We all know our little ones have big emotions. Tantrums and meltdowns are common between ages one and four. Your child may throw a tantrum for various reasons, but most occur because they are overwhelmed by strong emotions. Younger children have not learned how to communicate their feelings and are still at an early stage of social, emotional, and language development. Tantrums are a way for them to express their feelings. They need a safe space to do it, like a calming corner.
You can help your child understand their emotions by labeling their feelings and talking about emotions after your child is calm. Identifying tantrum triggers can help avoid tantrums. If your child is having tantrums, you may want to consider creating a calming corner at home.
What is a Calming Corner?
You can help your child avoid a tantrum or a meltdown by creating a calming corner at home. A calming corner is a safe and comfortable place for children to calm their bodies and process their big emotions. It can be used in place of time out and help your child feel safe, secure, and develop emotional regulation.
When Should You Use a Calming Corner?
It will be important for your child to realize that going to the calming corner is not a punishment. It is a space that helps children control impulsive behavior and learn that their big emotions are normal. Creating a calming corner at home can help teach your child that it’s okay to step away from a situation to calm their emotions and bodies. Children should use the calming corner when they feel angry, overstimulated, or frustrated. It should be used before things escalate into a tantrum. You know your child best and will need to help your child identify these signs and emotions.
How to Create a Calming Corner
Your calming corner doesn’t need to be a corner. It can be any safe and comfortable space in your home. The calming corner will be a space that has a comfortable place to sit or lay down, as well as calming activities. It is a great idea to include sensory items or activities because the pleasing aesthetics occupy a child’s senses and help them calm down. Below are several things you may want to have in your calming corner at home.
1. Comfortable Seating
2. Glitter Jars
Glitter jars to help soothe and relax your child. Watching the glitter fall to the bottom of the jar can give your child time to calm down and regain control of their emotions.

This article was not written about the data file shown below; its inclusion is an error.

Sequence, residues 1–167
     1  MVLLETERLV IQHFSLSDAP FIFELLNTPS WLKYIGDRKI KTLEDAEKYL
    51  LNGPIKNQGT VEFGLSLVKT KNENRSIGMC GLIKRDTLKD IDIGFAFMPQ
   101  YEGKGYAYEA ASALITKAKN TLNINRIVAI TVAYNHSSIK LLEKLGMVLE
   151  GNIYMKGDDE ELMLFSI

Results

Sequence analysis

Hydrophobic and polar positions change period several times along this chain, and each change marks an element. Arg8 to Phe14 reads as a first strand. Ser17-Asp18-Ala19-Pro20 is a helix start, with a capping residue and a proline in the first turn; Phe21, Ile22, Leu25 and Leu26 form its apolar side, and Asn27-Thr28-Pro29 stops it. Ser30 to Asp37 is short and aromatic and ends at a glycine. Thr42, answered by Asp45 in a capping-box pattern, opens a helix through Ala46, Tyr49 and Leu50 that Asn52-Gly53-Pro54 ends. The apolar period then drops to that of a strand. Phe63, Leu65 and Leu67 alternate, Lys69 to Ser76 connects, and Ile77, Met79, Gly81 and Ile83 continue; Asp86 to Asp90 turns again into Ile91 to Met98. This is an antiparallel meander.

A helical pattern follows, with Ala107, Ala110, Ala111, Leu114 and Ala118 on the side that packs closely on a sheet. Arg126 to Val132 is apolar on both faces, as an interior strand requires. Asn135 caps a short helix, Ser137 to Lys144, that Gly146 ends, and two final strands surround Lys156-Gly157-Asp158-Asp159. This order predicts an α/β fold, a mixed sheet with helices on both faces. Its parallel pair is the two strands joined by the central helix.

3. Stress Balls
Stress balls can help release energy and strengthen the nervous system. This helps control your child’s stress levels they may be feeling in the calming corner.
4. Fidget Toys
Wacky Tracks, fidget spinners, pop tubes, and popping sensory toys can help reduce anxiety or restlessness. The fidgets and small movements give an outlet and can be a distraction in an overstimulating environment.
5. Expandable Breathing Toy
6. Mindfulness Activities
Participating in mindful activities can help your child feel calm and focused and practice kindness.
7. Journal or Sketch Pad
Older children may want to write about their feelings in a journal. You may also want to consider including a gratitude journal to help your child practice gratitude and mindfulness. Is your child too young to write but may enjoy drawing their emotions? Be sure to include a sketch pad.
8. Art Supplies
9. Feelings Poster
Sometimes your child might not be sure which emotion they are feeling. Big feelings can be confusing. This is why a feelings poster can help your child identify their emotions.
Remember that you know your child best, and you will want to select items that you know will help your child calm down and regulate emotions. Once you have your items, your calming corner is complete! You’re ready to introduce the concept to your child. You may want to visit the calming corner together a few times. Discuss the materials in the calming corner and how they make them feel. You can even model using some of the materials so that your child knows how to use them properly.
After your child visits the calming corner independently for the first time, talk about what happened and what went well. Remind them it’s okay to have big emotions and take time to manage those feelings. Your child will begin to realize that there are tools and strategies to help them feel calm again, which will help them handle similar situations in the future.
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